According to research, having cavities and missing teeth can have a negative impact on one's brain health.
A person’s brain health may be negatively impacted by tooth decay and missing teeth, according to studies. Both routine dental checkups and at-home oral hygiene practises should be practised, according to experts. They point out that their findings are the most recent evidence that having dental problems can have an impact on your overall health. According to recent studies, signs of poor dental health are linked to a higher risk of stroke.
A peer-reviewed journal has not yet published the preliminary research. It will be presented at the International Stroke Conference of the American Stroke Association in Dallas this month. The lead researher is Dr. Cyprien Rivier of Yale University.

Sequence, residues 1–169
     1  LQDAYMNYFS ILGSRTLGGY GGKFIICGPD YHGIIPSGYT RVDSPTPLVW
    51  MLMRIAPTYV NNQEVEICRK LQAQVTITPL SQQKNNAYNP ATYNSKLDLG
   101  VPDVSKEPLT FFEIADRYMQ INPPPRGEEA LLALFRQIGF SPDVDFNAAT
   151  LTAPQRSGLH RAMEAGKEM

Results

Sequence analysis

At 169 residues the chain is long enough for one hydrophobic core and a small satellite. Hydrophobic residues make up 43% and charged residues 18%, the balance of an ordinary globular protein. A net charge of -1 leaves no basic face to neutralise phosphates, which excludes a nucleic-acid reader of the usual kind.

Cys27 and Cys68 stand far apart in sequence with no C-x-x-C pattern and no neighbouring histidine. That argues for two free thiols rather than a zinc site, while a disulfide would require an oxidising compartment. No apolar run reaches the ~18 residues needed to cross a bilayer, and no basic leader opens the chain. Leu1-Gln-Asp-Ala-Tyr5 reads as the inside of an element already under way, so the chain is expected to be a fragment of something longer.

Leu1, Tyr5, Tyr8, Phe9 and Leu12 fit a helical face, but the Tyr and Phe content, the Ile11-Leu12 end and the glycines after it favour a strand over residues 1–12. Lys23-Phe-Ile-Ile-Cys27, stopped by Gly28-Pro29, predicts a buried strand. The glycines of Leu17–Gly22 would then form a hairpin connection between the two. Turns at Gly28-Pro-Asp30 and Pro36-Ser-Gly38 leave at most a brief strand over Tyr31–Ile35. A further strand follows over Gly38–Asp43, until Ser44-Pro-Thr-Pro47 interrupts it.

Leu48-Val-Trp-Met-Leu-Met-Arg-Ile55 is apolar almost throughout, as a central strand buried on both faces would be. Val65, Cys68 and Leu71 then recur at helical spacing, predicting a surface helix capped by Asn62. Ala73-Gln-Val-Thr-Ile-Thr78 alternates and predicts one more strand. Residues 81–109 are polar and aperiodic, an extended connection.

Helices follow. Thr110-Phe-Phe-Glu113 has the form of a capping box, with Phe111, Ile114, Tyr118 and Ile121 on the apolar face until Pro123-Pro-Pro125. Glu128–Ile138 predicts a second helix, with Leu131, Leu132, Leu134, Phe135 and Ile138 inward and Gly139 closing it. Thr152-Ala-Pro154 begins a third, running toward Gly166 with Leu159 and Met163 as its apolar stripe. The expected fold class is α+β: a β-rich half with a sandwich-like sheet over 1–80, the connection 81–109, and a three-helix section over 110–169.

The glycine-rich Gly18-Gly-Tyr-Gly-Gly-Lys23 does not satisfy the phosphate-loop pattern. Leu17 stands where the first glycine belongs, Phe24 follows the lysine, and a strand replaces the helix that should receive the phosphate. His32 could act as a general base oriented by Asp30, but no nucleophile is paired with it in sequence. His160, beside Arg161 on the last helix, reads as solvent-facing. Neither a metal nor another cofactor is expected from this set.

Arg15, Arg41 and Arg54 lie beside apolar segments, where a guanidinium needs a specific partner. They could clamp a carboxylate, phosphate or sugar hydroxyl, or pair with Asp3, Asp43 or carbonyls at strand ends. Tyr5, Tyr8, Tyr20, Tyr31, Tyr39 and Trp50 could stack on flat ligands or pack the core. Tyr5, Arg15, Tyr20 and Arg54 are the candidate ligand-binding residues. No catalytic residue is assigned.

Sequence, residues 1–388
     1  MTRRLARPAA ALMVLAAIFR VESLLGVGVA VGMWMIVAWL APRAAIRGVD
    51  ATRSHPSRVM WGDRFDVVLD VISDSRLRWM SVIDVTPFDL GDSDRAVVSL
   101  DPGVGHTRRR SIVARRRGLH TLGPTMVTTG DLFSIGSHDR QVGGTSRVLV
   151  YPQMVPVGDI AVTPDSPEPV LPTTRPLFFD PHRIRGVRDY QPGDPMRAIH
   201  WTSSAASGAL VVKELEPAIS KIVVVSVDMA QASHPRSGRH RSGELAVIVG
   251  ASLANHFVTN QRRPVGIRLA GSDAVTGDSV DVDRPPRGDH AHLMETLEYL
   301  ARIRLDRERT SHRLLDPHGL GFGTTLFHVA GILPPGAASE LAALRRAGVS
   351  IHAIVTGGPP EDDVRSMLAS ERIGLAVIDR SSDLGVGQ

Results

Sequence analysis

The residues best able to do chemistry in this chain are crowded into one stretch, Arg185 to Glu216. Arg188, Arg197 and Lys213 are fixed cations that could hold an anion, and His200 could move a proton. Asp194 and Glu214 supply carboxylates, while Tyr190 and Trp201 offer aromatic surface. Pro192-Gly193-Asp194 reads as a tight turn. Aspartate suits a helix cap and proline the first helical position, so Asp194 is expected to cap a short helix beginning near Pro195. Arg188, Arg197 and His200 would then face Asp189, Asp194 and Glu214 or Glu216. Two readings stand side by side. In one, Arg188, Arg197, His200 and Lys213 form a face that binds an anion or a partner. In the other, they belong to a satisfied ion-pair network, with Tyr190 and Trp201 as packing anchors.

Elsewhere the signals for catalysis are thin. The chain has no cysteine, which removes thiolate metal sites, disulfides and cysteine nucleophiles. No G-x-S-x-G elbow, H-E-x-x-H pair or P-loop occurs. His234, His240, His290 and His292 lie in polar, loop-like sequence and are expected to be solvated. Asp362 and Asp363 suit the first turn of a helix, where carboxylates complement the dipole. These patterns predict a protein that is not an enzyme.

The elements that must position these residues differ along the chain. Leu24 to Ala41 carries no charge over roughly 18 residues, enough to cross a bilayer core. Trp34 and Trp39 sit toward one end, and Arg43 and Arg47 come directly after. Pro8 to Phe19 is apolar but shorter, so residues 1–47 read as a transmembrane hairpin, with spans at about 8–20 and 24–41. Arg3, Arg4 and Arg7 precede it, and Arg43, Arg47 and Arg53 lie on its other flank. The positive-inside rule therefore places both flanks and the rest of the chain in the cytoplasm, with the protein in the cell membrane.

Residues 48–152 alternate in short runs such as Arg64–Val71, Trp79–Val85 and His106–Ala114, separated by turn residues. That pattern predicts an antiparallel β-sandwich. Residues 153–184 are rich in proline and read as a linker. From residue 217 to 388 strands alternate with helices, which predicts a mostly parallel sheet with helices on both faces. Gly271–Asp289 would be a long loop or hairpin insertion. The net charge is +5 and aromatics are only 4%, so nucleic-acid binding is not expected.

According to researchers, their study adds to the body of literature already available on the relationship between poor dental health and adverse body-wide health consequences.
Tooth decay and dentures:
According to a study by Rivier, those who are genetically predisposed to tooth decay and missing teeth are also more prone to have problems with their brain’s health.
Researchers found that persons with poor dental health were more likely to have accumulated damage in the white matter of the brain. They foudnt this after reviewing the data of nearly 40,000 adults with an average age of 57 in the U.K. Biobank.
Rivier says that the replication of these results in various populations is one of the upcoming study directions.
Rivier also pointed out that the study is preliminary and more data must be acquired. It needs more clinical trials, to prove that enhancing oral health has positive effects on brain health.